The Church Union of Brest (1595-1596) resulted from sincere aspiration of both, Catholic and Orthodox Churches, to overcome the schism. However, during the preliminary negotiations and in the very moment when the union was proclaimed, it became apparent that two counterparts had very divergent visions of ecclesiology, as we can see from documents and correspondence that have been analysed in this article. These sources revealed a rather acute conflict of two manners to understand ecclesiological aspects of the union to come. This situation might be regarded as a cultural misunderstanding between Catholic and Orthodox traditions too.
The contest for the legacy of the Russian land between the Muscovite Russian state and the Polish-Lithuanian Commonwealth in the 16th century is described as restructuring and resematisation of terms of territorial demarcations in historical texts, diplomatic ceremonies and wars. In order to construct a “Russian land” the European, Muscovite, Polish and Lithuanian intellectuals sought to accommodate opinions on what it was and what it is. Their own opinions not only strongly diverged, but in many respects were mutually incompatible. The images of Russian land represent strategies of authoritative appropriation of East-European historical memory and its social and cultural uses.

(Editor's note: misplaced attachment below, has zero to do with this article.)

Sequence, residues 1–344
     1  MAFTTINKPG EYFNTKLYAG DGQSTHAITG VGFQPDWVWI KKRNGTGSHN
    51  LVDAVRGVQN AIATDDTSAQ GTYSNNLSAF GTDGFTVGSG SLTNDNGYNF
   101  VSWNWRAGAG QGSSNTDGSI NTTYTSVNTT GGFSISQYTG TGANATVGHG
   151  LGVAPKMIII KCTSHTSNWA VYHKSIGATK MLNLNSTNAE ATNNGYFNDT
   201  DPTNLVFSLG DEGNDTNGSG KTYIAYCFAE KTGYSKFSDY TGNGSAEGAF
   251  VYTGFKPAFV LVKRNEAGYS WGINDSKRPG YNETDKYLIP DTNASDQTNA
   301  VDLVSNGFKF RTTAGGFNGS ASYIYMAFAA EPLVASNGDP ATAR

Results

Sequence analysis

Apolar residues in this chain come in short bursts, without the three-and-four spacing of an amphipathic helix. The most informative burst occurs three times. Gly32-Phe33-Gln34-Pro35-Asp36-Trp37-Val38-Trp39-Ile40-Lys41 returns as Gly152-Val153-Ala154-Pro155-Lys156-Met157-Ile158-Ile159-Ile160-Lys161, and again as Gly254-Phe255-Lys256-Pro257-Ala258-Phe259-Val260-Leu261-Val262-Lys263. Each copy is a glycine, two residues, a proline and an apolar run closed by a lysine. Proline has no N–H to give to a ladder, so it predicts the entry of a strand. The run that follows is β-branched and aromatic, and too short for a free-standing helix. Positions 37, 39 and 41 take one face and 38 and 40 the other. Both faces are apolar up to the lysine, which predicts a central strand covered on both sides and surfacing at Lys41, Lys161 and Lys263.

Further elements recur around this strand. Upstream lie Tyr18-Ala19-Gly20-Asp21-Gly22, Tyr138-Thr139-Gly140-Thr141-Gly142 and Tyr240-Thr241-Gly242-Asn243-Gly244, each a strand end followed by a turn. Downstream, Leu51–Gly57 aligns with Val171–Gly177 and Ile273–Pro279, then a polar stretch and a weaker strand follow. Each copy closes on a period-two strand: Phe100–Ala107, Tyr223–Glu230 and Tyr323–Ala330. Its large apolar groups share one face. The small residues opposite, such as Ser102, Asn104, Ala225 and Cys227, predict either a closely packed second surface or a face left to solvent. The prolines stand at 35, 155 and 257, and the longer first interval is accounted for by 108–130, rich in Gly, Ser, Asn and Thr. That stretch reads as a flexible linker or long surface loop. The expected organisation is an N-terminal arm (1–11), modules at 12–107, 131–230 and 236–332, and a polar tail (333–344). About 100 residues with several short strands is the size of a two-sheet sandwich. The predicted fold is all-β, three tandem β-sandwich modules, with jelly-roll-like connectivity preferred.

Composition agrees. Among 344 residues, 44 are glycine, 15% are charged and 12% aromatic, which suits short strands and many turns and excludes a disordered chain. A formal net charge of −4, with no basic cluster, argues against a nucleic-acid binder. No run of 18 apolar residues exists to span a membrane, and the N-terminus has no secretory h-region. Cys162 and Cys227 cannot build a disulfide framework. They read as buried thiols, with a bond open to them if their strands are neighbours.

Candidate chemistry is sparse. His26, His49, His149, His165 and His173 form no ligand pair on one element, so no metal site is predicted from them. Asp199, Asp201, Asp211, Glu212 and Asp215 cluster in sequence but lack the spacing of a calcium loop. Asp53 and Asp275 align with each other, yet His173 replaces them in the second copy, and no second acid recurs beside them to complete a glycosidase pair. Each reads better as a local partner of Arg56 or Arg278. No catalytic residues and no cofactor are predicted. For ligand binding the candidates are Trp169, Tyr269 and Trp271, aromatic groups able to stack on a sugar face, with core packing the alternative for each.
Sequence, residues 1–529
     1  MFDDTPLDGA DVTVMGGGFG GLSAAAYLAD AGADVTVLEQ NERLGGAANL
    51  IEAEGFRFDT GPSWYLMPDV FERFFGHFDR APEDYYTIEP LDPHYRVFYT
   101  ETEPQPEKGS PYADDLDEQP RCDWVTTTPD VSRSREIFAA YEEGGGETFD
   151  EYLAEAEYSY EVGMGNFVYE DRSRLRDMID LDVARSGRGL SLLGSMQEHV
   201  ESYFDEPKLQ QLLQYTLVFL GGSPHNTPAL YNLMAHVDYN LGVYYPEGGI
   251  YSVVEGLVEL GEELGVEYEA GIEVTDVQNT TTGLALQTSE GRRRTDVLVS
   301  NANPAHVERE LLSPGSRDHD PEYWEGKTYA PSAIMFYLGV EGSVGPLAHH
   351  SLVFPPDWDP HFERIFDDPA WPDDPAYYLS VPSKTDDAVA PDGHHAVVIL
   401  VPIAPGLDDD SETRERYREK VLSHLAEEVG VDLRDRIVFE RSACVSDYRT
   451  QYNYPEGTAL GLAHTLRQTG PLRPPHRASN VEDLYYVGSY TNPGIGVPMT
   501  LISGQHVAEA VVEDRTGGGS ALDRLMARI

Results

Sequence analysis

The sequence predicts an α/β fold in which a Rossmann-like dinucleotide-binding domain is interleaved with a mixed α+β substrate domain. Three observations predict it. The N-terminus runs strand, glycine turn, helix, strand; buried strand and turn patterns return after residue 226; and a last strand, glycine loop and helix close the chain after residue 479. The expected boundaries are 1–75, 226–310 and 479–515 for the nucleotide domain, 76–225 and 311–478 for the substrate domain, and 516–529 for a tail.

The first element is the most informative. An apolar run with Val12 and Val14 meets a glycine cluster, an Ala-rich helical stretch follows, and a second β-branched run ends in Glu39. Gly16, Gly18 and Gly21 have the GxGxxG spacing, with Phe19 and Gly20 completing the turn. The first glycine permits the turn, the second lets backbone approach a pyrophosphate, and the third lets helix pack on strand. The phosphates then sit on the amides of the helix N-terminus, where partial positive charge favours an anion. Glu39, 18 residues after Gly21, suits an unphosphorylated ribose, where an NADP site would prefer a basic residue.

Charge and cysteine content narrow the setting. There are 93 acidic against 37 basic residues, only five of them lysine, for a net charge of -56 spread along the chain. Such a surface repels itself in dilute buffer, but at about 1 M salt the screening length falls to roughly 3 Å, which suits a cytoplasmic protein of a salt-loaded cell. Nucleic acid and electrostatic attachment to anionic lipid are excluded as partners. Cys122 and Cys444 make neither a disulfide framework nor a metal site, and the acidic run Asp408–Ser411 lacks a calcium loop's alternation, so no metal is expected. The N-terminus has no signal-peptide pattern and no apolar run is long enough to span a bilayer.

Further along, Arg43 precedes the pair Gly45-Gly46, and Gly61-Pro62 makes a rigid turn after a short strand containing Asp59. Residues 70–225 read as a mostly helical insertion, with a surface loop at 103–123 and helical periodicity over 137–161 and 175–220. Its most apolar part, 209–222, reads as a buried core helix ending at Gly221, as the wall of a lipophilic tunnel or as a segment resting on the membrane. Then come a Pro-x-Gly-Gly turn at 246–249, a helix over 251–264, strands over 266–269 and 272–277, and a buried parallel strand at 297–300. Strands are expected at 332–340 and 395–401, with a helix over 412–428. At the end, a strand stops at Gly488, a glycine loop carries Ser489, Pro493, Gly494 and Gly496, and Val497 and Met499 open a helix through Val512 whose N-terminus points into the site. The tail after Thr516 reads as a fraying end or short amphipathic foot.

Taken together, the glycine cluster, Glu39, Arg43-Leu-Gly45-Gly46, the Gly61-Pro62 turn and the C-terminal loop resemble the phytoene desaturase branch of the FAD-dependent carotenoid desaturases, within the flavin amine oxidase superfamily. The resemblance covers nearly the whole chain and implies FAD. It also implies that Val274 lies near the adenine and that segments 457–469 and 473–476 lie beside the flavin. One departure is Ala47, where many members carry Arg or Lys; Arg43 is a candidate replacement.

This article focuses on the question of protonational consciousness of the Ukrainian elite in the second half of the 17th century. In the light of the contemporary sources one may assume that the consciousness consisted of two senses – of belonging to the overall Ruthenian world, comprising also the Orthodox citizens of the Duchy of Muscovy, and to the developing “Little Russian” community, limited to the Orthodox citizens of the Ruthenian lands of the Crown.
The article presents the process of shaping and stabilising of the natives’ statehood, of Tatars in particular, in the territory of Western Siberia at the turn of the Middle Ages and the modern period. As a result of these processes a state of Siberian Tatars was created, which was part of a greater Tatar and partly Islamic ecumene. The state formation processes also encompassed other ethnoses, for example Ostiaks and Voguls (Khants and Manses), who made greater supratribal political associations but under the Tatar control. The states of Western Siberian tribal nations collapsed due to the conquest made by Russia. Russian imperial policy aimed to eliminate the sense of the existence of a Tatar state before the Muscovite conquest, successfully attempting to Russify the lands, also in the cultural context.
The following work presents the role of the East in the formation of the Russian statehood both in the historical and modern context. Taking over by Russia of vast areas of Siberia and the Far East exerted a great influence on this country, which now had a sense of exceptionality on a global scale (slogan: Russia, the biggest state of the world). The conquests completed in the 16th-19th centuries made modern-day Russia a power, particularly in the field of resources and energy, even despite the collapse of the USSR and the loss of the majority of the peripheral territories.